“My posse’s in effect and we’re doin’ the do
And we got more rhymes than your damn crew” - Beastie Boys, Posse in Effect
I have a posse. Why is everyone snickering? For the purposes of this entry, “posse” isn’t my friends. It’s the people I interact with frequently. More specifically, the ones that enable me to do what I do; my drycleaner, my bartender, my hairstylist (hate that word, but trust me – she ain’t no barber. Haircutress?), etc. So, my posse is…people I’m paying for goods and services? Well, yeah. At first glance. But the difference is in my attitude toward them. I’ve made them an important part of what I do. They are my posse. My business partners. My Team.
Figo owns three Devrim Cleaners locations. He keeps my shirts crisp, my suits sharp, and he’s fun to chat with. I’m sure he and his family provide personalized service to all of their customers. But when Figo is tailoring my suit, it’s not just A suit. He’s tailoring JAY’S suit. That’s an important difference.
Joe mixes some amazing cocktails. He makes me a cherry coke (cherrys + grenadine + whatever high fructose Coca-Cola approximate they sell) to get me fired up at the start of a long night of comedy. Joe makes devastatingly good margaritas to mellow me out at the end of a long day of #Hustle. I tip well, he pours heavily, and we both benefit.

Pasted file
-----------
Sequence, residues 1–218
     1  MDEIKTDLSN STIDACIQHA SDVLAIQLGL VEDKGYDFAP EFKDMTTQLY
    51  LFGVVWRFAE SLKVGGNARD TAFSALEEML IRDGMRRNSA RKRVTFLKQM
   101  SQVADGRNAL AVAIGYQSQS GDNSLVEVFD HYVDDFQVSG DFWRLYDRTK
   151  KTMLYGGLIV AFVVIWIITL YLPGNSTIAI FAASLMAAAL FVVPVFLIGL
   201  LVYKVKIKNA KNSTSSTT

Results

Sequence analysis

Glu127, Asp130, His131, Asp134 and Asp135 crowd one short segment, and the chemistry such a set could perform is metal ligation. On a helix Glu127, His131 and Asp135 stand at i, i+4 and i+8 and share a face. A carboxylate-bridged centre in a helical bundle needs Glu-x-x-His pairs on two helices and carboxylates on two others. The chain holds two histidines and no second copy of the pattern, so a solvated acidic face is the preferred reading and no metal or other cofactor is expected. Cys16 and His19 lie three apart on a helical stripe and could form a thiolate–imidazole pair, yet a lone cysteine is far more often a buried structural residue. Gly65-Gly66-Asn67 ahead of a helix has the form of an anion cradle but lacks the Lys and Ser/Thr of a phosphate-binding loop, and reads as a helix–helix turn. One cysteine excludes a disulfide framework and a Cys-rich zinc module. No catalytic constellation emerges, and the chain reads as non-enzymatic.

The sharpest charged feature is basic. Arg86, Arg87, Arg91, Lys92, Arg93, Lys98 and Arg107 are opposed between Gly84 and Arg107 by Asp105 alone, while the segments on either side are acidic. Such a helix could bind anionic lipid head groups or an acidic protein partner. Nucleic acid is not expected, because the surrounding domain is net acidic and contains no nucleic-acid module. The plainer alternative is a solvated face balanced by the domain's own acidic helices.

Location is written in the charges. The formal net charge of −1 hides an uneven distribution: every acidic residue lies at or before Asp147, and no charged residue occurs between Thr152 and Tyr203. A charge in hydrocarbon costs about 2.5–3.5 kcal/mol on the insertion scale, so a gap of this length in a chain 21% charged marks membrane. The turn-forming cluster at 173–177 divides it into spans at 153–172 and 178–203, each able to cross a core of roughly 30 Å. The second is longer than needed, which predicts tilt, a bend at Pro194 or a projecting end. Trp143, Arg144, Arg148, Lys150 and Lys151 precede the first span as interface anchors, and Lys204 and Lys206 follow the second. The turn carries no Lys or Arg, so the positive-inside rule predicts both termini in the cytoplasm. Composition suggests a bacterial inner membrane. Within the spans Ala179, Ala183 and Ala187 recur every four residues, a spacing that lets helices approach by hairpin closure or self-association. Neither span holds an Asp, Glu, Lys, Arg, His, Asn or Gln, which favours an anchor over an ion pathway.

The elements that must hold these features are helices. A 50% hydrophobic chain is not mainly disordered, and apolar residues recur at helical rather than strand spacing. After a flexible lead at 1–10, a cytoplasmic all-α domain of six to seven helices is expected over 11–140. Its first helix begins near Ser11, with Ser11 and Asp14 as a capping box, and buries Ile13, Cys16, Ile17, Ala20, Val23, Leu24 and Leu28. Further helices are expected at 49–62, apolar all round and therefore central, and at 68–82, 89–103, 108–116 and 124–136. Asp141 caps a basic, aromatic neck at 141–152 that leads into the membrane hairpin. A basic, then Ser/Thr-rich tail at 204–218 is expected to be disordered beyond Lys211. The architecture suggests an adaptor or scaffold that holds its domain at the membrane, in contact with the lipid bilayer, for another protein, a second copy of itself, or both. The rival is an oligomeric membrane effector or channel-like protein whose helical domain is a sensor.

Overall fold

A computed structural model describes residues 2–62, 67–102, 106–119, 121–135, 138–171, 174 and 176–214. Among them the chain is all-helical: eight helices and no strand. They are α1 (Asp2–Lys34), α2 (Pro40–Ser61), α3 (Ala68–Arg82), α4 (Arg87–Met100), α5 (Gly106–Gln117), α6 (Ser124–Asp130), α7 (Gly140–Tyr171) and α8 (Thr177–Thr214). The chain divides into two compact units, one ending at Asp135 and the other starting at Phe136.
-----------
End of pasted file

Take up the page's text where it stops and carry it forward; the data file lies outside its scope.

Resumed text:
Stevie has been cutting my hair for ten years. She’s had to listen to stories about every single time I have vomited in public, yet she still takes personal pride in sending me out into the greater world looking my best.
“Got my hand in my pocket and my finger’s on the trigger
My posse’s gettin’ big and my posse’s gettin’ bigger” – Beastie Boys, The New Style
With the birth of our son 6 months ago, my posse has exploded. We have a peditrician, nanny, and a cabal of ultra-capable babysitters. All people that I trust fully (or, at least, mostly) with my son’s health and well being. Without them I couldn’t leave the house to make the funny without worrying about the little guy. And trust me, my son is always on my mind – so my posse allows me to leave with secure, happy thoughts.
In comedy improvisation, we put a very strong emphasis on creating realtionships on stage. A scene in which two strangers meet and haggle over the price of a taco can be the most excrutiatingly unfunny thing in the world. But two characters who know each other, sharing their lives and opinions and philosophies while *not* discussing that taco? That will be at least interesting, with strong potential for hilarious.
Because I’ve made these people an important part of my ability to create comedy professionally, I’m interacting with members of my team; my co-conspirators in world domination. Because of them, I can be in front of an audience or workshop and feel confident about looking competent. That makes my job a lot easier. And all I had to do was focus a little time and energy on creating basic relationships with my goods and services providers. My POSSE.